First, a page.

calculating an entropy value for each set of wavelet coefficients;
for each leaf segment, identifying the minimum entropy value from among all entropy values corresponding to that leaf segment, and assigning the filter from the filter-leaf segment pair corresponding to the minimum entropy value to that leaf segment;
merging neighboring leaf segments into larger leaf segments where neighboring leaf segments are assigned a common filter from said set of candidate wavelet transform filters;
applying a first wavelet transform filter at said wavelet decomposition level to a first one of the leaf segments of the digital image, thereby obtaining a first set of transform coefficients;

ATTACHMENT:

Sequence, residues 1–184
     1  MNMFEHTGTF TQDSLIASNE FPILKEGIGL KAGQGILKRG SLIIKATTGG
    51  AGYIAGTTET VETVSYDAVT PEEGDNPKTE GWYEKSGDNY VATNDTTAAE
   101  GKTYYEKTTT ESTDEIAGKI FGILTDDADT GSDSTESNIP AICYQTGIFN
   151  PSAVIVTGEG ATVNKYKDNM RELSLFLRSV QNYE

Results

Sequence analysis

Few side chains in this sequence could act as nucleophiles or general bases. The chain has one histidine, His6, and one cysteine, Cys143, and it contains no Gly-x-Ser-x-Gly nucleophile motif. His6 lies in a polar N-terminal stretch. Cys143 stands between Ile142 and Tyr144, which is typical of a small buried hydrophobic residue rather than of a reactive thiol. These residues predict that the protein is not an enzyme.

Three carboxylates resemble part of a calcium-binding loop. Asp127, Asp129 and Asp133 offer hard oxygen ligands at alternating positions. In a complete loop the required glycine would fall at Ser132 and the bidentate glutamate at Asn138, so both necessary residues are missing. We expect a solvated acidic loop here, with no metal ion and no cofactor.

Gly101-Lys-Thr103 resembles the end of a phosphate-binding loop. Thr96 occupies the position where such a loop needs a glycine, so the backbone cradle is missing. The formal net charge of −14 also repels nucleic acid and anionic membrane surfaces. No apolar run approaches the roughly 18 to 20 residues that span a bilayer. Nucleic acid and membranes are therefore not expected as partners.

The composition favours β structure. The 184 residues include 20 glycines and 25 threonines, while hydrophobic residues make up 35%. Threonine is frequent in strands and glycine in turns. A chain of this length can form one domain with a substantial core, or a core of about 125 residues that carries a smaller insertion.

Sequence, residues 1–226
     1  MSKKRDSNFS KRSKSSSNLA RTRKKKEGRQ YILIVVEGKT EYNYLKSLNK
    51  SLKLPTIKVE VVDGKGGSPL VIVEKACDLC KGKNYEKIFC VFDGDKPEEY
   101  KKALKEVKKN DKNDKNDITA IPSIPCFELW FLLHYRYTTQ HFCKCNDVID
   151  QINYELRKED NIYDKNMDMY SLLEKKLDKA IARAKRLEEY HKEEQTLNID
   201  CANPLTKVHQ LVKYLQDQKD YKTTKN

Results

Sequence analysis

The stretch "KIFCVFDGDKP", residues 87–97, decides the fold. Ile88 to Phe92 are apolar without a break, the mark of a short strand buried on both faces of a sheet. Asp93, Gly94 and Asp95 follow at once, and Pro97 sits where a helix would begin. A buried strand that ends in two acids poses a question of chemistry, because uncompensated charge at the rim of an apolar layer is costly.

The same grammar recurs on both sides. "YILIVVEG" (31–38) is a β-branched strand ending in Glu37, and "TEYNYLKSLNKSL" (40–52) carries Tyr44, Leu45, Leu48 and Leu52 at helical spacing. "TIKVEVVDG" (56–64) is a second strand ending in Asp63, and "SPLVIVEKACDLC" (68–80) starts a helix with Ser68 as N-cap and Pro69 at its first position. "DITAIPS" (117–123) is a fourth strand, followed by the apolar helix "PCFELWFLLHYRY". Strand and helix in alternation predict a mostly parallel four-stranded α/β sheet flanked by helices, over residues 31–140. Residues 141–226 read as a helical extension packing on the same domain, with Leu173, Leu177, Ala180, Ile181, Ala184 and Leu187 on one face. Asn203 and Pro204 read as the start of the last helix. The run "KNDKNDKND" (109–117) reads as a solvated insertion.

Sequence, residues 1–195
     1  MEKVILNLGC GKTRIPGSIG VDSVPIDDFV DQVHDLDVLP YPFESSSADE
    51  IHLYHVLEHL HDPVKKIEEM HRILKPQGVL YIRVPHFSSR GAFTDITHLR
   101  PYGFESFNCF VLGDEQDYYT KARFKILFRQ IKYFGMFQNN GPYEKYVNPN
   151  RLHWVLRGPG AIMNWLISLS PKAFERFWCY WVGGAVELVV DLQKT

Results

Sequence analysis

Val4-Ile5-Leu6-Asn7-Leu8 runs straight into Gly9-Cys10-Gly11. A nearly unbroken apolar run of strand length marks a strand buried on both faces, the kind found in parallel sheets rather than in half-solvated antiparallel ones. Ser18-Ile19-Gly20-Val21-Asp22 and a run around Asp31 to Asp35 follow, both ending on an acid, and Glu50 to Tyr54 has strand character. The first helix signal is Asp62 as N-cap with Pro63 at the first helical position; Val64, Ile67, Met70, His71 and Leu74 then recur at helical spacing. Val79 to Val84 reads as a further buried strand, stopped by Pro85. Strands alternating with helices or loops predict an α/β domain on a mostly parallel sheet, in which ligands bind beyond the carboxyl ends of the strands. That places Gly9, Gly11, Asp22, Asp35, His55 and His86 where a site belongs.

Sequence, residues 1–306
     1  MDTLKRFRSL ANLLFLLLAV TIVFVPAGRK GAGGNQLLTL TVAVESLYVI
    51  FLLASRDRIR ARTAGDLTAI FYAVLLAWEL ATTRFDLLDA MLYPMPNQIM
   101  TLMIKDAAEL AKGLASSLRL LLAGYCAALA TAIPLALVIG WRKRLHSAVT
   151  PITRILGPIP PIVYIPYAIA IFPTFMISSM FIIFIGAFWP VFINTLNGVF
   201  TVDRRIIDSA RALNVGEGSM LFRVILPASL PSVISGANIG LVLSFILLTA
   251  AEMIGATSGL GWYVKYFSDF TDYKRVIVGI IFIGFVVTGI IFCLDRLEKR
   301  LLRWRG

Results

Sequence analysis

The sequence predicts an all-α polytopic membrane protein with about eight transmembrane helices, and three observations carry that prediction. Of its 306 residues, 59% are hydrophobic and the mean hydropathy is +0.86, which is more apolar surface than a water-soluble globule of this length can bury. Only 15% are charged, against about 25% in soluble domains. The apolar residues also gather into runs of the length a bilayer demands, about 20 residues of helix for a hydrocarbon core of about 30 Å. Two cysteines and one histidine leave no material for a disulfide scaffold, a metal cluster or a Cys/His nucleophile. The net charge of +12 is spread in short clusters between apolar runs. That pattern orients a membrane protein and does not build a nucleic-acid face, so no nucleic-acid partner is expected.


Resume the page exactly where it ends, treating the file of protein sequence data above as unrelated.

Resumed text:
applying a second wavelet transform filter at said wavelet decomposition level to a second one of the leaf segments of said digital image, thereby obtaining a second set of transform coefficients; and
merging said first and second sets of transform coefficients into a composite wavelet coefficient image.
2. The method of claim